Artículo en Inglés | MEDLINE | ID: mdl-33140576

RESUMEN

Vertical stratification (VS) is a widespread phenomenon in plant and animal communities in forests and a key factor for structuring their species richness and biodiversity, particularly in tropical forests. The organisms composing forest communities adjust and shape the complex three-dimensional structure of their environment and inhabit a large variety of niches along the vertical gradient of the forest. Even though the degree of VS varies among different vertebrate groups, patterns of compositional stratification can be observed across taxa. Communities of birds, bats, primates, and non-flying small mammals are vertically stratified in terms of abundance, species richness, diversity, and community composition. Frugivorous members of these taxa play important roles as seed dispersers and forage on fruit resources that, in turn, vary in quantity and nutritional value along the vertical gradient. As a consequence, plant-seed disperser interaction networks differ among strata, which is manifested in differences in interaction frequencies and the degree of mutual specialization. In general, the canopy stratum is composed of strong links and generalized associations, while the lower strata comprise weaker links and more specialized interactions. Investigating the VS of communities can provide us with a better understanding of species habitat restrictions, resource use, spatial movement, and species interactions. Especially in the face of global change, this knowledge will be important as these characteristics can imply different responses of species and taxa at a fine spatial scale.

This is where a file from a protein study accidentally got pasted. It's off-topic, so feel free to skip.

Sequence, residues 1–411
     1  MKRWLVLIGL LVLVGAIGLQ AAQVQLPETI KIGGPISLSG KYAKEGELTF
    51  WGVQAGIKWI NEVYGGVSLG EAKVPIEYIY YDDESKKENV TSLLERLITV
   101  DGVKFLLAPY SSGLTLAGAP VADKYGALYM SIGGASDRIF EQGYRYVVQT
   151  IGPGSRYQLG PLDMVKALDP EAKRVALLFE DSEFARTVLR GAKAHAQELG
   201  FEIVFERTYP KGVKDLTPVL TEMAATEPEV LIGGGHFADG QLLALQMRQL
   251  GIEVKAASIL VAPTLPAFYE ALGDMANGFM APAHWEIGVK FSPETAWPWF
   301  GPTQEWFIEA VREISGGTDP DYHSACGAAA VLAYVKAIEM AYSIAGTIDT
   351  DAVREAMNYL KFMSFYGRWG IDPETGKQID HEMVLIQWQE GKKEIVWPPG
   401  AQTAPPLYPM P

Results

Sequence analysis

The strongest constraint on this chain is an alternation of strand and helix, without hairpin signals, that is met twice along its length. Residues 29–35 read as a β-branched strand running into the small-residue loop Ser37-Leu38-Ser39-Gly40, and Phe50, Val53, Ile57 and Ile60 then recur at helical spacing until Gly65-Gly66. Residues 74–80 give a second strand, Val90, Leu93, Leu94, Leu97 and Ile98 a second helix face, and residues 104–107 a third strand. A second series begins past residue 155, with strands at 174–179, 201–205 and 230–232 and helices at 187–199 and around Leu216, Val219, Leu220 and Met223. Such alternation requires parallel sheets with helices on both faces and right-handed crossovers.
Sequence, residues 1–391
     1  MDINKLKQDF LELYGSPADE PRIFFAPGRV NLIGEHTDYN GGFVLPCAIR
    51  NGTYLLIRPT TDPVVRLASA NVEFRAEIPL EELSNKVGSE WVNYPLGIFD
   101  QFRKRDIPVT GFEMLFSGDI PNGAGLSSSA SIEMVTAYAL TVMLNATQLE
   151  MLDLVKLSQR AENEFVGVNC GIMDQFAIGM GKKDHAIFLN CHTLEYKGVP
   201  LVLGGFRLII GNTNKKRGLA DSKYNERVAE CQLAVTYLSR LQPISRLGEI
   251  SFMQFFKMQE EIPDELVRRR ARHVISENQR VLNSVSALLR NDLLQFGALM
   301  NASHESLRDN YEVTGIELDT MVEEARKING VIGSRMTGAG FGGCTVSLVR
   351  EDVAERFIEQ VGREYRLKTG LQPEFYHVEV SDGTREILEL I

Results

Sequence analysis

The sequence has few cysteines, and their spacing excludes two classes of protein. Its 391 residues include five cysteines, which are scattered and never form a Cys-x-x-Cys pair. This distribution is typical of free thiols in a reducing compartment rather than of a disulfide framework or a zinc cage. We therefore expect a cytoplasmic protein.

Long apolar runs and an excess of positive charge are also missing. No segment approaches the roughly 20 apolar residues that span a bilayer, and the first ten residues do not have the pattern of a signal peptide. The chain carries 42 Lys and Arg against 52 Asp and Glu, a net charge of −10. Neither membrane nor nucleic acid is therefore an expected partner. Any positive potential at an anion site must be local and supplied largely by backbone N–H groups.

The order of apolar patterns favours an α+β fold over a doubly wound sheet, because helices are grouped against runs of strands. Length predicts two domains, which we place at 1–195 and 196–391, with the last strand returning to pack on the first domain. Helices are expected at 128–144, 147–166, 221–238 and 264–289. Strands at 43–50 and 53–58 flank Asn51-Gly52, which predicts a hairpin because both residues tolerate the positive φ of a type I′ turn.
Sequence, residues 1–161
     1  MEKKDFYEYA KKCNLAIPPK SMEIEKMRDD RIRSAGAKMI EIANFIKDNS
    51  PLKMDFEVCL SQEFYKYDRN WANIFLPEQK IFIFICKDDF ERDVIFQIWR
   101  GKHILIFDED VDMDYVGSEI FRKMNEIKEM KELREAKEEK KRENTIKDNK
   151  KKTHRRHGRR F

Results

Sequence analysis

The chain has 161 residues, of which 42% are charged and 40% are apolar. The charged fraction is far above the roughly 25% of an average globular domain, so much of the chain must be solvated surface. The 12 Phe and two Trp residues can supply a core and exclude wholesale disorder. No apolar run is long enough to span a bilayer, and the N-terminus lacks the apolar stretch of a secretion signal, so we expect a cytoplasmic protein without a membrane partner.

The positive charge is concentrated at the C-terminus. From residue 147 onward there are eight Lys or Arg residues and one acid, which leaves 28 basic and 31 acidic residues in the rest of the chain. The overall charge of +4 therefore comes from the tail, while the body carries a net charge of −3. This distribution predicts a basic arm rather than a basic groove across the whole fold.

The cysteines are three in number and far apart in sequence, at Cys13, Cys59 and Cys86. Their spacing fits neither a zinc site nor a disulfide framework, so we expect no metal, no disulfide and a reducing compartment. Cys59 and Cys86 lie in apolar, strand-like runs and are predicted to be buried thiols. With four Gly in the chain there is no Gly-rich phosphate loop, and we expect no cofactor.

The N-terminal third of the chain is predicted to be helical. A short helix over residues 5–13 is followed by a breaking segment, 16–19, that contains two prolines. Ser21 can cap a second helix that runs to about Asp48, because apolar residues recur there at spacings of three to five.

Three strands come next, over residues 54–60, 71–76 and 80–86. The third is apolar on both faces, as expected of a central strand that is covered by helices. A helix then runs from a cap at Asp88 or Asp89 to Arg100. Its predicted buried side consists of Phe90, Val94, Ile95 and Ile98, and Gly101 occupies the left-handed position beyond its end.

Asunto(s)
Ecosistema , Bosques , Animales , Aves , Plantas , Semillas
5.
Sci Rep ; 10(1): 20328, 2020 11 23.
Artículo en Inglés | MEDLINE | ID: mdl-33230212

RESUMEN